Another winter storm dumps several inches of snow locally

We got several inches of snow last night, with more predicted in the next couple of days. I visited my hiker oasis in the morning to find a hiker hunkered down in a tent in the snow. I invited her to breakfast and we had a great conversation.

I suspect there is now quite a lot of snow on the trail just a dozen miles north of here. Stay safe, hikers!

Riding the first 40 miles of the PCT

I had a week+ of free time on my hands and a good weather forecast for SoCal, so I decided to do some horse camping down south and ride as much of the PCT as time and snow conditions allowed.

Gracie and I spent our first several days doing day rides out of Campo CLEEF, an equestrian facility within “spittin’ distance” (as my grandmother would say) of the southern terminus. Of course, there was the obligatory picture at the monument.

Trump’s new border wall is visible in the background. (This section of wall used to be a solid 12-foot concrete barrier.) There is a Border Patrol station in Campo, so this section sees a lot of Border Patrol traffic along the road bordering the wall.

From a distance, the wall totally changes vistas. Because it is not solid, you can sometimes sees odd light patterns that it creates.

Electronic surveillance is everywhere.

Anyway, off we went on our first foray from the southern terminus. Here’s the obligatory picture of the first milepost.

A few miles in, we passed another sign signifying the distance in each direction. I couldn’t help sending friends a bunch of texts that we were going for broke, and there was only 2,647 miles to go.

We did the first ten miles as an out and back, then moved to Boulder Oaks as our base camp for the next 30 miles.

The only federally-designated wilderness in this section is Hauser Wilderness. The PCT goes through a tiny corner of it.

Looking back at it from the south side of Hauser Canyon, the beautiful view is marred by two giant power lines that run along the wilderness area’s southern boundary.

Part of this route is (still) used by undocumented immigrants, as shown by the sign and water cache.

We continued day rides near Lake Morena

and up to the Lagunas. Snow lingering on the trail from a storm last week kept us from continuing on.

Thoughts on PCT Class of 2020

With the 2020 northbound PCT thru hiker season winding down here at mile 145.4, I want to share some thoughts on this year and this thru hiker class during these strange, strange times.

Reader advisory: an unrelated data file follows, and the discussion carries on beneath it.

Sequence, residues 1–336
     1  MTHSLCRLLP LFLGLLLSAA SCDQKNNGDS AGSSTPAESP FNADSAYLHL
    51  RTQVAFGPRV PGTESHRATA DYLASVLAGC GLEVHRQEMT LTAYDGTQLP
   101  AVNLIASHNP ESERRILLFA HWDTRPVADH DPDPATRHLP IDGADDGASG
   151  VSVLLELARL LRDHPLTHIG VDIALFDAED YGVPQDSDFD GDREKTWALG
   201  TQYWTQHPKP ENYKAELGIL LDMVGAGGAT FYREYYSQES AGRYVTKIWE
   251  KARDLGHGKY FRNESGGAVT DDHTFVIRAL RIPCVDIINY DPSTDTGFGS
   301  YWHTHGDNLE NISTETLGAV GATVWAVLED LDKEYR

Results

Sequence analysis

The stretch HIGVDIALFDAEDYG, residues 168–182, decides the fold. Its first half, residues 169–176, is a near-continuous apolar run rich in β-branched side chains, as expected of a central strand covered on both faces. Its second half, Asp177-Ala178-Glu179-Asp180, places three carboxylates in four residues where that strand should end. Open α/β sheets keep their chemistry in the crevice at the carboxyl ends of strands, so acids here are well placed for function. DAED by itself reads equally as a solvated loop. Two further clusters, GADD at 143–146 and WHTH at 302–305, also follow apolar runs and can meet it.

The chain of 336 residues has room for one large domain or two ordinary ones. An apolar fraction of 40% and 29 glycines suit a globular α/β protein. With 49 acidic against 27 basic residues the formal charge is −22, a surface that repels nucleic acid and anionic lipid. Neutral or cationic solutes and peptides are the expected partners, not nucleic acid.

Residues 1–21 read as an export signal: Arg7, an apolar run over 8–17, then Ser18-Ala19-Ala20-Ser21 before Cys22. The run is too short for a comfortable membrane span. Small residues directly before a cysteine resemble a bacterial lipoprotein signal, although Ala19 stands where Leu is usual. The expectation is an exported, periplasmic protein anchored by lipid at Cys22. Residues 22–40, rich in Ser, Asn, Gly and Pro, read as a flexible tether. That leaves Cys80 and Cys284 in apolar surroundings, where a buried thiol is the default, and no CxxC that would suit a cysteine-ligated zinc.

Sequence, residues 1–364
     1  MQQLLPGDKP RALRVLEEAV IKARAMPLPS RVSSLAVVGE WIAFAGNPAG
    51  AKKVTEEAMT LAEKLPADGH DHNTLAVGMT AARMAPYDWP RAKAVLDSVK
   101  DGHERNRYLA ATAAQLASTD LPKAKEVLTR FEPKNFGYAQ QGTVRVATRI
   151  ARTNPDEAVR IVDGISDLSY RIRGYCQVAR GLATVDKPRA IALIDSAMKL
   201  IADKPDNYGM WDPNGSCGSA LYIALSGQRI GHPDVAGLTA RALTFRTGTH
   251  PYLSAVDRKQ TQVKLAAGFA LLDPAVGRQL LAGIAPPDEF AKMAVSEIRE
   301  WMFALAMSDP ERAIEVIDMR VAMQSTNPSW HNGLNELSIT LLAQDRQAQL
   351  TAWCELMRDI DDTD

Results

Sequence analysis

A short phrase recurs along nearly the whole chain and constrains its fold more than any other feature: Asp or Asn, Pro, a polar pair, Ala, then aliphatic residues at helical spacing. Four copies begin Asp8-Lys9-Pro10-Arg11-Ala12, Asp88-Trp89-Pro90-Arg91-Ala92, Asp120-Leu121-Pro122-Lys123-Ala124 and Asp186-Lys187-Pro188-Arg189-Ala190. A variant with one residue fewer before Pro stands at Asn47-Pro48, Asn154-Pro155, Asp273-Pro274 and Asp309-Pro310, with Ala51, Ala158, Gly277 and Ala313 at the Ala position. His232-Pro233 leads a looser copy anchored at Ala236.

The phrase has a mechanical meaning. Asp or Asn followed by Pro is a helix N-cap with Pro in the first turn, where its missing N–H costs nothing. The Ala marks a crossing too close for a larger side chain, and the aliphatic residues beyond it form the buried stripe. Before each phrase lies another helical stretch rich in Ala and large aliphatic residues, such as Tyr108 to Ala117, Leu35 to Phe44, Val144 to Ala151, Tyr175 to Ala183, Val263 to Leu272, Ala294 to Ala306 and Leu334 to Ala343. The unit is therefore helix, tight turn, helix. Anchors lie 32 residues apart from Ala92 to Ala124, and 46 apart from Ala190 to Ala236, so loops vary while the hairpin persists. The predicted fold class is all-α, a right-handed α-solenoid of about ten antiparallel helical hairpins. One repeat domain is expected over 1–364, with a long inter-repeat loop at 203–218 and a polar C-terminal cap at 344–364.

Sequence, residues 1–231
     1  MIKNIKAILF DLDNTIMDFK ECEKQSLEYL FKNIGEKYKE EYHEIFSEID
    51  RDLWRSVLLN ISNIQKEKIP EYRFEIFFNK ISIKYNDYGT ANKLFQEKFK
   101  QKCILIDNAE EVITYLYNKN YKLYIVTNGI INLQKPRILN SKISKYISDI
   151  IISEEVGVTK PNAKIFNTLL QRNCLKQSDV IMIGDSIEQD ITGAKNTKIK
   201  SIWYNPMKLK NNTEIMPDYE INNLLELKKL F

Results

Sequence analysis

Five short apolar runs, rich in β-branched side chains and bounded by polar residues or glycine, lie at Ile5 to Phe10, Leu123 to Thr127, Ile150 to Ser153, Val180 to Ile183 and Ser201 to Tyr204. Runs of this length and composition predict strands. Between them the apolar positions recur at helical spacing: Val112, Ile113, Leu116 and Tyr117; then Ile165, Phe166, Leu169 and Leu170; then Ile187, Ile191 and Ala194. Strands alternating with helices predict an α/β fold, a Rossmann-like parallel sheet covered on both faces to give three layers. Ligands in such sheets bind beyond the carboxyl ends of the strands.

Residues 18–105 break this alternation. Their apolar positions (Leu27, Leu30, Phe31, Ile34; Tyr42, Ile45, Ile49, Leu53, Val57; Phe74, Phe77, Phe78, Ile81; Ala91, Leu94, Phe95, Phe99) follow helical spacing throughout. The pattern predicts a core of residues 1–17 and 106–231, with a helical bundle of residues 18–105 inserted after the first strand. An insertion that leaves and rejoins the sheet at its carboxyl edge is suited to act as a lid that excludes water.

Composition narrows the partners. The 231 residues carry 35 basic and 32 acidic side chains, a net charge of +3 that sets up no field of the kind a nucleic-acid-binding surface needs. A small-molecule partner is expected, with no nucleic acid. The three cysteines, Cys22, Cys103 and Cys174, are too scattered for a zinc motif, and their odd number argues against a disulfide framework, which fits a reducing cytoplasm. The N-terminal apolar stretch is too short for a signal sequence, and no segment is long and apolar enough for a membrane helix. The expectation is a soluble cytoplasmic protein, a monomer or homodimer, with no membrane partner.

Before coronavirus, 2020 was looking like it would be yet another record-setting year in the number of thru hiker permits issued. The Sierra snowpack was lower than recent years, making an early start more promising than the previous several years. March started normally, with the number of hikers passing by typical for the very early part of the season. Then coronavirus-related shutdowns started and federal, state and local governments instituted physical distancing requirements. The PCTA requested that hikers cancel their long-distance hiking plans. The trajectory of coronavirus was still unknown, and many hikers struggled over whether to start (or, for those who had already begun) whether to continue their thru hike. While the USFS (which is the agency that “controls” the PCT) never closed the trail, national parks began closing both front country and back country areas, making it look like hikers may need to skip some of the premier parts of the trail or risk running afoul of the closure orders.

While I don’t count hikers passing by my place, I spend enough time interacting with hikers at my oasis to guesstimate that less than 20% of permit-holders made it as far as mile 145. The trail definitely wasn’t deserted, but hiker numbers were back to pre-Wild levels. Part of me was sad to realize that thousands of people who had planned to thru hike the PCT in 2020 felt the need to cancel their plans. But, part of me was glad to see hiker numbers down to a more sustainable level that permits a degree of solitude that has been absent for four years, since Wild caused a radical increase in thru hiker numbers. As a trail user myself, my daily out-and-back hikes and horse rides have been more peace-filled. The hikers I converse with — especially those with previous experience on extended hikes in the PCT — also enjoy the benefits of lower hiker numbers, such as open camp sites.

We shall see what 2021 brings. I predicted that the Wild bump would run its course within a few years and the sudden interest in thru hiking would be seen as a fad in retrospect. 2020 is an anomaly, and I don’t see the fad fading … but, one can hope.

In the cool of the morning

With a cold front moving through, I wanted to do an early hike north on the PCT in the cool of the morning. I nearly stepped on a lizard who had selected a poor location to become torpid … smack dab in the center of the trail. (After I took this picture, I gently lifted it with a stick and set it in a sunny spot just off the foot path.)

Mt San Jacinto was shrouded with a layer of fast-moving clouds, with just the peak exposed.

Within seconds, the clouds had been blown off, again revealing the massive mountain in its entirety.